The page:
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Rajinikanth’s statements indirectly justifying police action in the Thoothukudi Sterlite issue, praise of some work by the AIADMK government especially that of School Education Minister K A Sengottaiyan, are typical strategies of the actor to have the State government on his side since he needs support for the release and smooth run of his films.

For a brief period during Jayalalithaa’s first term as chief minister when Rajni, upset over irritants like his vehicle being stopped for police check near his residence (which is close to the house of Jayalalithaa), Rajni opposed the State government. His statements about deteriorating law and order situation in TamilNadu, corruption in AIADMK rule, a television interview that even God cannot save the state if Jayalalithaa returns to power in 1996, helped create an anti-AIADMK wave in the 1996 general elections.

However, during Jayalalithaa’s second term from 2001-2006 saw Rajni going soft on her. Immediately after she assumed office as CM, Rajni sent her a bouquet to convey his good wishes. Later, at a public function got up by the film fraternity to felicitate her, Rajni heaped praise on Jayalalithaa, calling her an Ashtalakshmi. The AIADMK Government issued an order to permit raising theatre rates for a Rajni film for a brief period – in the first week to enable collection at higher rates thangallowed. This enabled huge collections in the first week of release.

Recently, the AIADMK government too helped Rajni by issuing a G.O for the film Kaala, enabling extra shows on June 8 and 9, ahead of holidays on June 10 and 11

During the earlier DMK period, Rajni films benefited by permission to raise rates in the first week of a film release or have extra shows in the first few days. In Andhra Pradesh too, Rajni film Shivaji could collect 70 per cent higher rates on the first week of release, under a provision for big budget films.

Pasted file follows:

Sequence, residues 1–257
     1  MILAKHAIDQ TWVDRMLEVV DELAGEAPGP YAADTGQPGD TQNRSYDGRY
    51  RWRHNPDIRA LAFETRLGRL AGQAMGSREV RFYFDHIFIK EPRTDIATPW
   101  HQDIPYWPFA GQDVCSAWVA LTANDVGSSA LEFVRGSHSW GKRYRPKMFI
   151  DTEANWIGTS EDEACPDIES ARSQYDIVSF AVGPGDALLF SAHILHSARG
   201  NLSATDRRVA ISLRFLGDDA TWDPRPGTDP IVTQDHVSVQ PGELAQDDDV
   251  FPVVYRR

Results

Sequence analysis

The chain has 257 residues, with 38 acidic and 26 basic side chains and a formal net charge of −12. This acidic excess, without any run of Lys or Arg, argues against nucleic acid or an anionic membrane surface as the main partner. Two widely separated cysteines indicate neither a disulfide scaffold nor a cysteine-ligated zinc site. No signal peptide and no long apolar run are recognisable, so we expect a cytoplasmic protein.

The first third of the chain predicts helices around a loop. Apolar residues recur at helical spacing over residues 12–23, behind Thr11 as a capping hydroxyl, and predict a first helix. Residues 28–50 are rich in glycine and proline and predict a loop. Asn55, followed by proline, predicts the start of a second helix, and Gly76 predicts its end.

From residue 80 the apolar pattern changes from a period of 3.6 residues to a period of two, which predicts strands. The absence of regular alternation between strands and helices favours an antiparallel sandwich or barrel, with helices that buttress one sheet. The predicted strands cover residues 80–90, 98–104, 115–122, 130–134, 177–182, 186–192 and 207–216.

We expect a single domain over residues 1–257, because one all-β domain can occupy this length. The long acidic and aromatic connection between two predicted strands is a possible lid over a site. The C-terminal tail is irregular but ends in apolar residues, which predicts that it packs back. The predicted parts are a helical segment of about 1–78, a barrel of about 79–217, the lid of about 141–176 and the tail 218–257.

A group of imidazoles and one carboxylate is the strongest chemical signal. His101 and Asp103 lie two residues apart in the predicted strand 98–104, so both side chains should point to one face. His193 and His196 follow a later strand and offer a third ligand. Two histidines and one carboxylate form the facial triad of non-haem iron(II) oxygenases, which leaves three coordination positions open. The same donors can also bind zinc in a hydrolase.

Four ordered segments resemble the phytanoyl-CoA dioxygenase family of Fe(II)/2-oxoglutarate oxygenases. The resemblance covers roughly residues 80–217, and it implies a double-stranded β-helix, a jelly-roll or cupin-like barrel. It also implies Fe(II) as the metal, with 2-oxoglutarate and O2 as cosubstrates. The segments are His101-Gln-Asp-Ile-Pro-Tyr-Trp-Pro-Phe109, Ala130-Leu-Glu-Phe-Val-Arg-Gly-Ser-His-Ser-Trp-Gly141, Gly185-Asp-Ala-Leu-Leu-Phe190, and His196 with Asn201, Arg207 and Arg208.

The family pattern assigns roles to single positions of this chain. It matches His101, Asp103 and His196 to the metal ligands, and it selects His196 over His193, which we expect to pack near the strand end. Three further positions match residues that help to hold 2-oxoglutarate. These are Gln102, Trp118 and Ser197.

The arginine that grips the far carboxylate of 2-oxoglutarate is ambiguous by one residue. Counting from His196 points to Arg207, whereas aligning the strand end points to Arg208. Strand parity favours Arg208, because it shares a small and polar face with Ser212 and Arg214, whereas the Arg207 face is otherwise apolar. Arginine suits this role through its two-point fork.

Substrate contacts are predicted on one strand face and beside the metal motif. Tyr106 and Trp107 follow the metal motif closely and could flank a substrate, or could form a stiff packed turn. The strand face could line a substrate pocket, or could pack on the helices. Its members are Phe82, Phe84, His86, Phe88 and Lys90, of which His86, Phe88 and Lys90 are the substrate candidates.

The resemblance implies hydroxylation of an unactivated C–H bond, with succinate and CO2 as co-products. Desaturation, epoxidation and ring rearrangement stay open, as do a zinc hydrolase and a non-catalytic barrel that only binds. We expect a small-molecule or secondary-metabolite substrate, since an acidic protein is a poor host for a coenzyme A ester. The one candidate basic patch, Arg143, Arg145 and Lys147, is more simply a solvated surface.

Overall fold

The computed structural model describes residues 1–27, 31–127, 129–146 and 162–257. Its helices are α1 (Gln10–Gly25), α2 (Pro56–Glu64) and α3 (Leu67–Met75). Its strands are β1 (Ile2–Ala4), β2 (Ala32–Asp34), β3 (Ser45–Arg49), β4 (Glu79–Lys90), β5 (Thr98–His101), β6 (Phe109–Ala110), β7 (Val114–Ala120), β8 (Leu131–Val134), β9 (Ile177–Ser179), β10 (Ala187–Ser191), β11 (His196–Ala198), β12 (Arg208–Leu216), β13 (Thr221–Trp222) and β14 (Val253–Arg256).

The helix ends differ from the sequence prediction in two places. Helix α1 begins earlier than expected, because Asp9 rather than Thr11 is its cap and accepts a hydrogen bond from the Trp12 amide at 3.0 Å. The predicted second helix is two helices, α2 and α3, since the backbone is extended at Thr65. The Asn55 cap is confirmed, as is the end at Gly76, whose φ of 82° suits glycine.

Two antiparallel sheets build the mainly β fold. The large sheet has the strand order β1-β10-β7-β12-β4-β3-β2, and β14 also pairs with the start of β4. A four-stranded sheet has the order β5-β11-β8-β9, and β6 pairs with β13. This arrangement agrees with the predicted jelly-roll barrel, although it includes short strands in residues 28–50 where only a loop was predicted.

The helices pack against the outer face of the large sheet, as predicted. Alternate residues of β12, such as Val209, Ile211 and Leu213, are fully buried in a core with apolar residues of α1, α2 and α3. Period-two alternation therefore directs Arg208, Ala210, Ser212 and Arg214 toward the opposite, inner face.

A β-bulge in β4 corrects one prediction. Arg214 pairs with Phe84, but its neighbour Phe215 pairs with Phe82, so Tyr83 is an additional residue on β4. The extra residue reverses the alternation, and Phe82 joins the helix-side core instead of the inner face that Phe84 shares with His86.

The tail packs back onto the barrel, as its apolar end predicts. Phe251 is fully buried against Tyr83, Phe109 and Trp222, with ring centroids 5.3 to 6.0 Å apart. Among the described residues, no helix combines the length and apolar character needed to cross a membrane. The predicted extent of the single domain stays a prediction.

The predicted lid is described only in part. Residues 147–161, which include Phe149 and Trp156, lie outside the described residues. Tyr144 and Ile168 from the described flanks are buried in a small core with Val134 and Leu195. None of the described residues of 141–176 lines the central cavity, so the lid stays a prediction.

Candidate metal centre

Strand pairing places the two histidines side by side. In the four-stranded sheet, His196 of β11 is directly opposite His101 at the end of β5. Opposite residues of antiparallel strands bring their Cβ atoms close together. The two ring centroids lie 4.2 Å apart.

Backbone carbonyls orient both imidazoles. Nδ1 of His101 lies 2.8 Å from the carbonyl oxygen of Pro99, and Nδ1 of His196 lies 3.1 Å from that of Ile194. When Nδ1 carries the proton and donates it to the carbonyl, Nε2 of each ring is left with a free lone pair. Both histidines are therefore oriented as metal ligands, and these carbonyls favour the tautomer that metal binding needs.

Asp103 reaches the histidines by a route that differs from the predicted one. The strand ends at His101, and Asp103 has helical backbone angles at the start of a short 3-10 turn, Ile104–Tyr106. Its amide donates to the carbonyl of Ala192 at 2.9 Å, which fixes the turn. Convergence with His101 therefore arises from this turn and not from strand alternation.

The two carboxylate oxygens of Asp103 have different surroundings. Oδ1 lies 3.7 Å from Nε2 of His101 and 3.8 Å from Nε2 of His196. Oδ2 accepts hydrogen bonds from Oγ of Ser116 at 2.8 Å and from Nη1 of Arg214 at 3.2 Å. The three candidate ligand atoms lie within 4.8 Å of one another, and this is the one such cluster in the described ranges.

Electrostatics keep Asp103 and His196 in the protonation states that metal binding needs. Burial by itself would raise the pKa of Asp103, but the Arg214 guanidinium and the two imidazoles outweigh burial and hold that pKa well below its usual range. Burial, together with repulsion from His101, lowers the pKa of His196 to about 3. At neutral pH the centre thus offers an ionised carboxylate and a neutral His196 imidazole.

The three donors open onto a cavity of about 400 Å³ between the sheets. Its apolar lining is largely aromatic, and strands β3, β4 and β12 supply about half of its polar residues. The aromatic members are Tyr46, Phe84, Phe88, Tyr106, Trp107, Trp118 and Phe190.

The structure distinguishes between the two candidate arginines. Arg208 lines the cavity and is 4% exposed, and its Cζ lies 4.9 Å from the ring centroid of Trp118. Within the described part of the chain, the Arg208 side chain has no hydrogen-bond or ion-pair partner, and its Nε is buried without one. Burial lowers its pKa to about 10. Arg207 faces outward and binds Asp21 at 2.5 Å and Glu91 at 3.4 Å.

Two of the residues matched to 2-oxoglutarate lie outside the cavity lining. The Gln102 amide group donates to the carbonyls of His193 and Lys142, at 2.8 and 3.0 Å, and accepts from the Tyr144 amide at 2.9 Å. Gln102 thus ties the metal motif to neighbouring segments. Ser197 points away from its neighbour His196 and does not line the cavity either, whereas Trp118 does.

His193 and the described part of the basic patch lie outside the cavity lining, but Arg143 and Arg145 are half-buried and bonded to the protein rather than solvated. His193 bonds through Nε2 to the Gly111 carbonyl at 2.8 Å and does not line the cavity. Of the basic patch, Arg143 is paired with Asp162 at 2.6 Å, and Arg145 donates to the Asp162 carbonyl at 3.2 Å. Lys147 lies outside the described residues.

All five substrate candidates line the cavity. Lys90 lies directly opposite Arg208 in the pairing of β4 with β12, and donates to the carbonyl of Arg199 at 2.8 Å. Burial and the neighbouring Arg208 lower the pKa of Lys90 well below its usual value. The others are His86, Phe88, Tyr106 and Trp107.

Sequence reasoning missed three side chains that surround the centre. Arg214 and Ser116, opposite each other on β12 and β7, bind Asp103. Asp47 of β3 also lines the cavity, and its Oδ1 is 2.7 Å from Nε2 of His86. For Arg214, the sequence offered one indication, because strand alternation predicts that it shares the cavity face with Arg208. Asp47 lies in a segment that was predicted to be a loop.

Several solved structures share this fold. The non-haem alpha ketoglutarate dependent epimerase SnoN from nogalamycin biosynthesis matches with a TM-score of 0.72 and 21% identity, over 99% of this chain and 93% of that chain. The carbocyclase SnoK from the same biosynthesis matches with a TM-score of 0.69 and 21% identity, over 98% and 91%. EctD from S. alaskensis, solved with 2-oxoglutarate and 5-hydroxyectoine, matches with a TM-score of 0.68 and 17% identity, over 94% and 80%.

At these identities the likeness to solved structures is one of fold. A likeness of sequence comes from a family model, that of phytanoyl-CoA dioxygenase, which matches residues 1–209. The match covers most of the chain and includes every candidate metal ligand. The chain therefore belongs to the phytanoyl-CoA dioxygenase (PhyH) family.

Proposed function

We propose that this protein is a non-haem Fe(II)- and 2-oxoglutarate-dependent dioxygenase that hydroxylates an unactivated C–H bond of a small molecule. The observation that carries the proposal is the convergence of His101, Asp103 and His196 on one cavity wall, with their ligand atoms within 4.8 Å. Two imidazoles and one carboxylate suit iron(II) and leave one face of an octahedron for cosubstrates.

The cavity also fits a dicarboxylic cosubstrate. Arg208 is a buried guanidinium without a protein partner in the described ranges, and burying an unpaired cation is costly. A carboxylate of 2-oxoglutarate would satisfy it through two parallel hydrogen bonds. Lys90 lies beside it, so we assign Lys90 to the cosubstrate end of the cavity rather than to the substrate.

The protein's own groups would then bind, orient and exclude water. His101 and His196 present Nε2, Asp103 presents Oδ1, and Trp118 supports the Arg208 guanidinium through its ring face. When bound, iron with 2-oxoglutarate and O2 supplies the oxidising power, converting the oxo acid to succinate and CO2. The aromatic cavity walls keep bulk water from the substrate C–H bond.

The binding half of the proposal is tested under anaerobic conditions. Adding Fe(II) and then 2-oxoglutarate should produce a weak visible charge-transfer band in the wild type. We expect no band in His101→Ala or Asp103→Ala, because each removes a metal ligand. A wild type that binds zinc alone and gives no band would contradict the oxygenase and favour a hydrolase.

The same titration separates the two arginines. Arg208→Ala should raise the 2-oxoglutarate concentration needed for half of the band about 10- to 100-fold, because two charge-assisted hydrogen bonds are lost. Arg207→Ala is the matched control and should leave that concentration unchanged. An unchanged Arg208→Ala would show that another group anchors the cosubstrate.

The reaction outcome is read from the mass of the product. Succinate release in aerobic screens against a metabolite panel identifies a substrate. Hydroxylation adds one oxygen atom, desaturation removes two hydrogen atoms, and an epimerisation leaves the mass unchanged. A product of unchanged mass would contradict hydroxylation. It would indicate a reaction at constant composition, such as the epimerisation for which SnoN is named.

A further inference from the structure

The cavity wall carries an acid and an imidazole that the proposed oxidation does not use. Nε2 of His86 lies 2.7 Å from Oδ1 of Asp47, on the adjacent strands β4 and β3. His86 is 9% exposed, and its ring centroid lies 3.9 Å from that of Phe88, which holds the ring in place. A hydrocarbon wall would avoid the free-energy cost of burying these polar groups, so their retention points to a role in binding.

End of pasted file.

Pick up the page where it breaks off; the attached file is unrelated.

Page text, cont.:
Recently, the AIADMK government too helped Rajni by issuing a G.O for the film Kaala, enabling extra shows on June 8 and 9, ahead of holidays on June 10 and 11, thus allowing five shows a day for four consecutive days, during which period distributors collect maximum revenue from the release of a movie.

From 1994 to 1996, it appeared that Rajni would extend all-out support  to G K Moopanar but later after the DMK came to power in alliance with the TMC in 1996, Rajni went out of the way to appease Karunanidhi by lavishing praise on him and M K Stalin. This was a strategy to ensure that his film had a smooth release without disruption through protests by fringe groups or the PMK, and also enable higher collections in the first week of release.

During Jayalalithaa’s rule from 2001-2006, Rajni limited his meetings with Karunanidhi and was seen, along with his mentor, as a supporter of BJP and the AIADMK. There were no statements against Jayalalithaa’s leadership then.

After Karunanidhi came back to power in 2006, Rajni was again seen often with MK, sharing the stage with him on important occasions.

Though Rajni made one or two critical remarks about the present AIADMK government led by Edappadi Palaniswami, he has also issued statements or made comments praising its work in some areas.

His recent  statement, during an interaction with the media, welcoming the Salem eight-lane highway project at a time when most parties have opposed it, was welcomed by AIADMK ministers. An AIADMK minister even thanked Rajni for his support.

Those who have followed Rajni’s film career closely, and also watched his statements as the leader of his new political party, are not surprised by Rajni’s statements in support of the ruling party, as that has always been a strategy except between 1994 to 1996. Even while being friendly with the BJP, he maintains his contacts with Congress leaders like P Chidambaram through PC supporter Karate Thiagarajan. Rajni is also in regular contact with leaders like Chandrababu Naidu in Andhra Pradesh and the film fraternity in AP, Karnataka and Kerala to bail him out if his film release is stalled or requires assistance.

Rajni surely knows which side of the bread is buttered. At the end of the day, his business interests come first. That is why, there is only lukewarm support to his political avatar. In many of his films, he plays the role of an angry man, who rebels against the establishment. In the real political world, as long as he continues to be active in films giving rise to a clash of interests, Rajni may not be a rebel at all.

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